Plan something that you get look forward to keep your spirit and motivation levels HIGH! ⁣I promise this works like a charm, makes you appreciate the little things, and keeps you going on those harder days!

SIX: Be Kind To Yourself

This is important. This is important. I had to say that twice just incase you didn’t hear me the first time!

If you aren’t feeling motivated and you choose to watch Netflix instead of being productive or working on your to-do list that’s 100% ok – embrace that time. Enjoy your show/movie and then move on (but not to the next episode, with your life 😉). Don’t beat yourself up for not being productive 100% of the time. Sometimes the most productive thing is to take care of ourselves. There are so many forms of self care – Netflix arguably isn’t one of them (I hate to be the bearer of bad news), but I do think it’s healthy to indulge ourselves and check-out for a little bit once and a while as well.

Self-compassion can sometimes be difficult to practice. Being honest and gentle with ourselves when we’re having a tough day is key. Let yourself take a moment if you need to, have a cry if you need to, have a chat with someone you trust – just do whatever you need to do and accept that it’s ok to have an off day/week/month. It happens to all of us from time to time.

The same advice goes for if we mess up or feel inadequate. We need to learn to be patient with ourselves and not place too much pressure on fitting into a box – a box that we’ve designed for ourselves, or one that others have tried to put us in.

We practice kindness and compassion with those around us, but it’s equally important to give ourselves the same respect. We don’t need to be perfect (we never will be), but practicing self-acceptance and self love instead of judging and criticizing ourselves will make such a difference in our wellbeing.

SEVEN: Love On Yourself A Little Extra

Whatever that means to you. This ties in to number six. For me giving myself a little extra love means things like:

  • Reading
  • Meditation
  • Journaling
  • Comforting foods
  • Baking
  • Special warming drinks
  • Pampering: bath, face mask, etc.
  • Time outside
  • Exercise

EIGHT: Spend Quality Time With Loved Ones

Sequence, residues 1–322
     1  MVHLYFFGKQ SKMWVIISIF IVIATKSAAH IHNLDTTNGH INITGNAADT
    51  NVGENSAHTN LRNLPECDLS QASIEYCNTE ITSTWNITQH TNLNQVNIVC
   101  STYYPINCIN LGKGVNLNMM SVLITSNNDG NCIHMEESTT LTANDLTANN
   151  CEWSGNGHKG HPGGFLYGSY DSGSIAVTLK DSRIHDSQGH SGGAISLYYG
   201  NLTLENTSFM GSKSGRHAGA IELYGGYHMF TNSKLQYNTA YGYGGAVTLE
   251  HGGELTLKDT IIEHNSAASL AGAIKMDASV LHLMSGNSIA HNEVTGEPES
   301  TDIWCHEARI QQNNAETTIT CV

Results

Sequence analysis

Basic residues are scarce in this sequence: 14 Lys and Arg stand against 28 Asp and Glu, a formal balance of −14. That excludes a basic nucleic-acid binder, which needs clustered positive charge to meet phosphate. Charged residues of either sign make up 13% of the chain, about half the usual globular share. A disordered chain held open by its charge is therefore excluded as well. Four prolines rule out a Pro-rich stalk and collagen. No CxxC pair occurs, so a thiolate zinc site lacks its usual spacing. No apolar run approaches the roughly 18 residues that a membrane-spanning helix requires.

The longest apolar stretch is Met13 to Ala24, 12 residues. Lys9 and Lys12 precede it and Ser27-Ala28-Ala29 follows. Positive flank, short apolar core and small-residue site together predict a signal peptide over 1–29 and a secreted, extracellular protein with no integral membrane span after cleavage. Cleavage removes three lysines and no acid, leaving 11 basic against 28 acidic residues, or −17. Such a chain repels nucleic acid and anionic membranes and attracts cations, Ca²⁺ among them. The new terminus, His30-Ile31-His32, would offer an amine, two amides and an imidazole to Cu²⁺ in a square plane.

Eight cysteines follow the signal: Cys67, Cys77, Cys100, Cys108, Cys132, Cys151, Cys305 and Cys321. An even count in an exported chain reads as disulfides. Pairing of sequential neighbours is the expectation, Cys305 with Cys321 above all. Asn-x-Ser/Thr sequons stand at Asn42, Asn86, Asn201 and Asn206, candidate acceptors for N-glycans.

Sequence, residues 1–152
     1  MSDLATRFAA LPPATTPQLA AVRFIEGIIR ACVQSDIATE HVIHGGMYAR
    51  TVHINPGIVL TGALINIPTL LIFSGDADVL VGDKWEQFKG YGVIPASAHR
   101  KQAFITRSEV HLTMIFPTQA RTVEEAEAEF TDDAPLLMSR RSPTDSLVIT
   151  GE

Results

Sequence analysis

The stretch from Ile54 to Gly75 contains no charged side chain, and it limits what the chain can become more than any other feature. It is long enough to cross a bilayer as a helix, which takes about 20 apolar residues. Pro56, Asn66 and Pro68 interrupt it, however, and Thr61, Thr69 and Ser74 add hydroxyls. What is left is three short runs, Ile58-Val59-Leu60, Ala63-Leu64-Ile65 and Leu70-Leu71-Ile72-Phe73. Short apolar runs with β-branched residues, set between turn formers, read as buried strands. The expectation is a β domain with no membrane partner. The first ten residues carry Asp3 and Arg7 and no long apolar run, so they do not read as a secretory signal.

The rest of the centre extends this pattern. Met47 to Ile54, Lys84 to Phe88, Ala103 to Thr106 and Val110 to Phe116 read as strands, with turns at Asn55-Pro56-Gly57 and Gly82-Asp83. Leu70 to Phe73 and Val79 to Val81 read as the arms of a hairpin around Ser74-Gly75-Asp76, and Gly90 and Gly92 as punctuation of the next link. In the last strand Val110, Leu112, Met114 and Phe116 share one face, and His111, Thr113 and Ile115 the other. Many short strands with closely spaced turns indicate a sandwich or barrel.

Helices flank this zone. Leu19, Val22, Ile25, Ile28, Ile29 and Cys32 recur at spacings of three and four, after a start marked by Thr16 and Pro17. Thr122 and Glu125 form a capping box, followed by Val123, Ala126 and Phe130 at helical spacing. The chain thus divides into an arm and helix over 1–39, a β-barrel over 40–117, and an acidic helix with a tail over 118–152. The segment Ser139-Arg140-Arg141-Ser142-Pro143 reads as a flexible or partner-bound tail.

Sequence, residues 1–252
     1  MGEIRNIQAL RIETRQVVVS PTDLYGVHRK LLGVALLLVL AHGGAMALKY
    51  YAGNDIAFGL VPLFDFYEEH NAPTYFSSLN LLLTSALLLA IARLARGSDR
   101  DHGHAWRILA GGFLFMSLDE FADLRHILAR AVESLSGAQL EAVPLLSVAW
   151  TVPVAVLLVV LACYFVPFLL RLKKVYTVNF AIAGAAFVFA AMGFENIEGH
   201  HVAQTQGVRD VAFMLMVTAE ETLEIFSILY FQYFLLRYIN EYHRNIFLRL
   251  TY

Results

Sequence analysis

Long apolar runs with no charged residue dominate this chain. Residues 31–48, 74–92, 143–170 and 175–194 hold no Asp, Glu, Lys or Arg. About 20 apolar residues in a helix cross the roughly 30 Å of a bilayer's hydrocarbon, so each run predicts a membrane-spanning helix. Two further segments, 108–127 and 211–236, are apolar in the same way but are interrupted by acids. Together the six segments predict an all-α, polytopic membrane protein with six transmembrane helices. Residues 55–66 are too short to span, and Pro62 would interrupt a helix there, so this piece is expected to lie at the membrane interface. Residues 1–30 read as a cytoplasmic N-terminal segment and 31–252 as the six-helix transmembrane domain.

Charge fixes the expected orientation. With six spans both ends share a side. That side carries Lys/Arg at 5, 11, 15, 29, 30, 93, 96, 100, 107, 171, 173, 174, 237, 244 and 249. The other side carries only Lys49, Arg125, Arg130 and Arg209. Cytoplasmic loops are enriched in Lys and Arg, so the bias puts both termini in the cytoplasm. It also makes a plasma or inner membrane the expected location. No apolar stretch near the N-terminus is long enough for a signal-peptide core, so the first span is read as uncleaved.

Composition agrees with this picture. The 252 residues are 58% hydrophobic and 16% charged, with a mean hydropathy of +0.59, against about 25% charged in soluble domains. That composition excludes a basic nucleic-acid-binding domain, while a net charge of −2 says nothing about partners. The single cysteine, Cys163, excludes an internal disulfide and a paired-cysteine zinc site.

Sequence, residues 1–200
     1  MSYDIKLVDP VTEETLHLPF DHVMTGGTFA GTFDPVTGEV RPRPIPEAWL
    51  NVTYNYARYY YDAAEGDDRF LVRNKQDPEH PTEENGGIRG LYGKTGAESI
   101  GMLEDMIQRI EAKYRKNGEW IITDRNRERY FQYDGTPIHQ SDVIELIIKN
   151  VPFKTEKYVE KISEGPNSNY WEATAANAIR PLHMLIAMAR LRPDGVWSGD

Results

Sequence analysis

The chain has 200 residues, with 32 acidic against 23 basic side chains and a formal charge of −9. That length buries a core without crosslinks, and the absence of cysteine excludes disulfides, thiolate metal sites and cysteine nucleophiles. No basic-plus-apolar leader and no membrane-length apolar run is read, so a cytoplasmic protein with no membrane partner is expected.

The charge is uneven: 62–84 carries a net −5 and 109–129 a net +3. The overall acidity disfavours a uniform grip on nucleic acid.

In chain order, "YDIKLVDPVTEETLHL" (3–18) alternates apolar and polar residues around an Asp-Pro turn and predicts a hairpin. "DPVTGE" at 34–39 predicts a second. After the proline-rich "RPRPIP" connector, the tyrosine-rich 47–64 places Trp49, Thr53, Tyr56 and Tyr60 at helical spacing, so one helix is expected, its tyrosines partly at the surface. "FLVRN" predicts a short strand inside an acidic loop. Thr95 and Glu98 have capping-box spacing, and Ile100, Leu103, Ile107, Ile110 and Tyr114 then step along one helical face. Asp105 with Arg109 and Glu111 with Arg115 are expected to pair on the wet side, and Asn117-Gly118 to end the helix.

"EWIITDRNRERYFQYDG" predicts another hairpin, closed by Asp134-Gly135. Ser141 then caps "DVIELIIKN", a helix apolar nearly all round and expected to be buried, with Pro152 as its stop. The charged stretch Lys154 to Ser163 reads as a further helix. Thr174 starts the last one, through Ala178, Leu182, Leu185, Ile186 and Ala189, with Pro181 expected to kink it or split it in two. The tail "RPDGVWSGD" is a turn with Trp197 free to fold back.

This one really speaks for itself. It’s easily to accidentally isolate ourselves in the colder months because motivation to leave the house and socialize can get to an all time low.

Surrounding ourselves with those that we love and those who love us is truly so powerful. Our loved ones lift us up. We need their support and they need ours.

While it’s also healthy to spend time alone, spending time with people we care about can be refreshing and uplifting – especially when we’re having a tough time.

Even though quality time is my top love language, I don’t think this one just applies to people like me. Focus on nurturing the important relationships in your life – it’ll be rewarding.

NINE: Eat Warming Foods

When we’re feeling down we often end up craving carb-y comfort foods because carbs release serotonin which affects our mood. While carb-y meals are great (and we shouldn’t cut them out!), when I say “warming foods” I don’t just mean carb-y comfort foods.

Think comforting oatmeal bowls, delicious roasted veggies, veggie pastas, yummy soups and CURRIES! Honestly, the options are endless and it’s easy to make sure you’re still getting lots of veggies even if you aren’t eating raw salads. There’s nothing wrong with raw leafy greens and veggies, but in the winter our bodies love when we nourish them with warming cooked foods.

You don’t have to ditch the chips and carb-y meals, but just be sure to include lots of veggies and try to pick healthier options when you can!

TEN: Supplement With Vitamin D

Also known as the “sunshine vitamin”. Among many other benefits, Vitamin D is a natural mood booster. As we age, our bodies are more likely to struggle to produce a healthy amount of vitamin D so it can be extra important in the later stages of your life. Also, fun fact: people with darker skin typically have lower levels of Vitamin D than people that are lighter-skinned.⁣

It can be tough to get outside and catch a healthy dose of sunshine in the winter time and even when we do get outside we are all bundled up! For maximum absorbption of Vitamin D from the sun you ideally want to have a lot of skin showing (i.e. being in a bathing suit at the beach in the summer or being outside in a tank top and shorts). It’s still great to get outside and soak up the sun on your face (don’t forget your sunscreen!!) in the winter.

If you follow a plant-based diet there are not many foods (unless fortified) that naturally have vitamin D. Getting a test done to check your levels is always a good diet before supplementing because there is such a thing as “too much of a good thing”, but unfortunately a lot of people are actually vitamin D deficient so making sure you are getting enough vitamin D is crucial (especially in the cooler months!).